Tag Archives: Vital Signs

5 Eye-Opening Global Trends You Should Know About

It’s not easy to keep track of the complex ways in which our everyday choices have an impact on a global scale. But as the world’s population surpasses 7 billion, each of our actions—positive or negative—gets multiplied. Read on to learn about five global trends from our latest publication, Vital Signs: The Trends That Are … Continue Reading ››

Global Energy and Carbon Intensity Continue to Decline

This post is an overview of the Vital Signs Online report available for purchase. Click here for a preview of the full report.
Global energy intensity, defined as worldwide total energy consumption divided by gross world product, decreased 0.19 percent in 2013. Although this may not seem impressive, considering that … Continue Reading ››

Greenhouse Gas Increases Are Leading to a Faster Rate of Global Warming

This post is an overview of the Vital Signs Online report available for purchase. Click here for a preview of the full report by guest contributor Joel Stronberg.
According to the most recent estimates, 2014 emissions of carbon dioxide (CO2), the main contributor to global climate change, are projected to be 2.5 percent higher … Continue Reading ››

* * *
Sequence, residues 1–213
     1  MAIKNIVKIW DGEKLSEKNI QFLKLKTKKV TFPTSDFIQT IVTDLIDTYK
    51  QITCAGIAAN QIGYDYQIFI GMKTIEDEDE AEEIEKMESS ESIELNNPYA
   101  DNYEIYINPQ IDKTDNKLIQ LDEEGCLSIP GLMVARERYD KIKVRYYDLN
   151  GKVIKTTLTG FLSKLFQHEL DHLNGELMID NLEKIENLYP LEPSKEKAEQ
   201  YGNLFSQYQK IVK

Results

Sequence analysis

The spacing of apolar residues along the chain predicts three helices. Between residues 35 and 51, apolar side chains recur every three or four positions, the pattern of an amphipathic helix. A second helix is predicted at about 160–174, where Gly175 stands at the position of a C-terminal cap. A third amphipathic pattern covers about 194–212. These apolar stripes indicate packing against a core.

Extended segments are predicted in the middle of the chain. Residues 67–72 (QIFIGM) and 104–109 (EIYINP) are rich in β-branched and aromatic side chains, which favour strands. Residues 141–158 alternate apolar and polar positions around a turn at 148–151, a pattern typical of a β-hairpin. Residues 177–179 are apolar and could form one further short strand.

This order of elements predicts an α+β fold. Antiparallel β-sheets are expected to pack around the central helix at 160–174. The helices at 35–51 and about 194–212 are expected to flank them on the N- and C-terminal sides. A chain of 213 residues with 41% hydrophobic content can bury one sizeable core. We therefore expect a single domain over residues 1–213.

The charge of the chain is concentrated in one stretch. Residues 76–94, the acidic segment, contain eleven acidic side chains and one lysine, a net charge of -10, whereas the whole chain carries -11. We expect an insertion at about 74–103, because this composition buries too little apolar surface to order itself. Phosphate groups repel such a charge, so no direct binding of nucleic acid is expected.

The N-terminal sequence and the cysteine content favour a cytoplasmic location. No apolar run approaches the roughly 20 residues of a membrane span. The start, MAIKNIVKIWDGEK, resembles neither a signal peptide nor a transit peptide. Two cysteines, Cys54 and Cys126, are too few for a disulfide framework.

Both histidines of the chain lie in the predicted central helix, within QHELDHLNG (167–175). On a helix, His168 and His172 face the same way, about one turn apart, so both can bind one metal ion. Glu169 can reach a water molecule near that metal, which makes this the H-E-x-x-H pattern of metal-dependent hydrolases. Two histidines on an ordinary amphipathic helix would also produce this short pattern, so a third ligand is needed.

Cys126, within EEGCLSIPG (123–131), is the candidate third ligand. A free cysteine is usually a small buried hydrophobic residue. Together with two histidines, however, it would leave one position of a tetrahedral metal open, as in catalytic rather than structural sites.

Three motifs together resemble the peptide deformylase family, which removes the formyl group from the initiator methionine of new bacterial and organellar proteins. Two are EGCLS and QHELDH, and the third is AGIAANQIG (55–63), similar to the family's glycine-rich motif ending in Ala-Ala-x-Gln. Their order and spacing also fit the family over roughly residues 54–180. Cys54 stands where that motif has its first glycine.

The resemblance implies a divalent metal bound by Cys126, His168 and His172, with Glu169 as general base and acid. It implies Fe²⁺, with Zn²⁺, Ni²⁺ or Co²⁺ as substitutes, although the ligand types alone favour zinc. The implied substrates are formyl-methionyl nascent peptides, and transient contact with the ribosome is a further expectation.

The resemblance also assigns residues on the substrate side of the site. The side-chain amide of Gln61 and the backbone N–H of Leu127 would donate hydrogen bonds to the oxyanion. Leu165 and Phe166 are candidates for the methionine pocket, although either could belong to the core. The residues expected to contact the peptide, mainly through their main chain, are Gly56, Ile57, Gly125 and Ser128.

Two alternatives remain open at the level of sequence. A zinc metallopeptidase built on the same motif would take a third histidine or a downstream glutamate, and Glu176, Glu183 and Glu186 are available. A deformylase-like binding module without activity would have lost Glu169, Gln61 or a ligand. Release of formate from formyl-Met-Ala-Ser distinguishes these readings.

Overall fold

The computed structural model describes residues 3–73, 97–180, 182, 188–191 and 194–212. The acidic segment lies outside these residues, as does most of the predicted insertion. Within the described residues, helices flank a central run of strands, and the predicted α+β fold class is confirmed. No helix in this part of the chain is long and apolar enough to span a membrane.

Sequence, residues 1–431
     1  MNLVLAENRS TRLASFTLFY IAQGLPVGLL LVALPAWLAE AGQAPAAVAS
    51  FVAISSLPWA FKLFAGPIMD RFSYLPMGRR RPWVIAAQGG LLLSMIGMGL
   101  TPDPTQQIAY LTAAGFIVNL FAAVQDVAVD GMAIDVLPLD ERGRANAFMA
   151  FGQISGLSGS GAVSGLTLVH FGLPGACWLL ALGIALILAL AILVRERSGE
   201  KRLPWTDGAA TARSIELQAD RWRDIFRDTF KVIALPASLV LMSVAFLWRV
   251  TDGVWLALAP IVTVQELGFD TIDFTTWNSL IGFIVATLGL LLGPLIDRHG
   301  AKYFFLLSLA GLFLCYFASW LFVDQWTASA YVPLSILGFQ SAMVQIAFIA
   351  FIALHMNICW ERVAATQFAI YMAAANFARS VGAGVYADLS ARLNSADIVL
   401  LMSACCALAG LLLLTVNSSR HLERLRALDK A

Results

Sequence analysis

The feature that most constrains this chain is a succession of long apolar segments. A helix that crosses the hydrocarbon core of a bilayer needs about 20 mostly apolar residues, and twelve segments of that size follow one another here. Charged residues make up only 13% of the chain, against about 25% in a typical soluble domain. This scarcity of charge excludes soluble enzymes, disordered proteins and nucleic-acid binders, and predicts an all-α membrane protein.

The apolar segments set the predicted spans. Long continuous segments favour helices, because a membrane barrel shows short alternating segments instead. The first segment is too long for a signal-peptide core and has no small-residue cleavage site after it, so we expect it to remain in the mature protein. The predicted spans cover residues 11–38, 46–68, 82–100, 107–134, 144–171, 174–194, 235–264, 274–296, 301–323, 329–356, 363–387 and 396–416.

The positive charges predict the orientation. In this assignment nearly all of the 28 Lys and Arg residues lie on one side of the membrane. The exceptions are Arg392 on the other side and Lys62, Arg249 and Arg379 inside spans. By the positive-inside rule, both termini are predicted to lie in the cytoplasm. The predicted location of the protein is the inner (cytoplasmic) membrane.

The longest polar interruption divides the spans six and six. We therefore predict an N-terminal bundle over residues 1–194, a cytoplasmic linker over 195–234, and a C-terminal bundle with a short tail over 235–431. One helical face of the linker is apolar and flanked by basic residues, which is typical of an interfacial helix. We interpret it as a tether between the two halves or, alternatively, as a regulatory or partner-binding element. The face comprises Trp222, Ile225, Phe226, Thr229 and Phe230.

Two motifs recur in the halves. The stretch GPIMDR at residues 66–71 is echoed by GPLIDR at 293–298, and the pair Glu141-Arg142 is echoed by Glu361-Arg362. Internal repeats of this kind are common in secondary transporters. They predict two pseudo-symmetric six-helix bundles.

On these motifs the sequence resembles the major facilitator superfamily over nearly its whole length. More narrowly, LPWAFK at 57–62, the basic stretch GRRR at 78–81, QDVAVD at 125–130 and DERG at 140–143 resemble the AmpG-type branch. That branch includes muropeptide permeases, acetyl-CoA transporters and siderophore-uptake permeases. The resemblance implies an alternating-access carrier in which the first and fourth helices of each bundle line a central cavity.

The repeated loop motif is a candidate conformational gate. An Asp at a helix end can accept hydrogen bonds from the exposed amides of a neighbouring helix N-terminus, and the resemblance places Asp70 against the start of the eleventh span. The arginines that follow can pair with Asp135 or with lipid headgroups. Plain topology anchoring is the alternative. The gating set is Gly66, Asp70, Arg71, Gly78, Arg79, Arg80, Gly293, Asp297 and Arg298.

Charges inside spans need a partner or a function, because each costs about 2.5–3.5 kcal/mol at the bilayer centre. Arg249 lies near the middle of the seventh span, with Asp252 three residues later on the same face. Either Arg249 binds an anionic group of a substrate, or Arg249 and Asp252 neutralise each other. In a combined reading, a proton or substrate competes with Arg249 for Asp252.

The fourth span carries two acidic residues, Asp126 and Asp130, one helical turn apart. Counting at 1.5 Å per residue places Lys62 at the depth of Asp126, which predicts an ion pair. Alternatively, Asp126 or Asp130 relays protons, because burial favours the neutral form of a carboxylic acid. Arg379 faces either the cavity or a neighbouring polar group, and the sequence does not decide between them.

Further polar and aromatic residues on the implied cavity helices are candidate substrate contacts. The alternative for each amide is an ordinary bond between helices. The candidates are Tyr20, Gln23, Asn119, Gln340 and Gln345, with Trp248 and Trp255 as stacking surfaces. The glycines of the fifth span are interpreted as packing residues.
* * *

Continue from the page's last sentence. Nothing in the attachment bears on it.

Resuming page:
Has China’s Economic Shift Really Ended the Commodity Super-cycle?

This post is an overview of the Vital Signs Online trend "Commodity Prices Kept Slowing in 2013 but Still Strong Overall" The most recent economic “super-cycle,” a decades-long trend of rising commodity prices, has been influenced by the surging growth of China since the … Continue Reading ››

Global Economy Inches Up as Environmental & Social Concerns Mount

Washington, D.C. National progress is often measured almost exclusively by growth in the gross domestic product, or GDP. Yet as the global economy inches upward, actual social and environmental well-being lags. Alternative measures for gauging progress are needed to determine true prosperity, write Worldwatch’s Mark Konold and Climate … Continue Reading ››

The Looming Threat of Water Scarcity

Some 1.2 billion people—almost a fifth of the world—live in areas of physical water scarcity, while another 1.6 billion face what can be called economic water shortage. The situation is only expected to worsen as population growth, climate change, investment and management shortfalls, and inefficient use of existing resources restrict the amount of water available to people.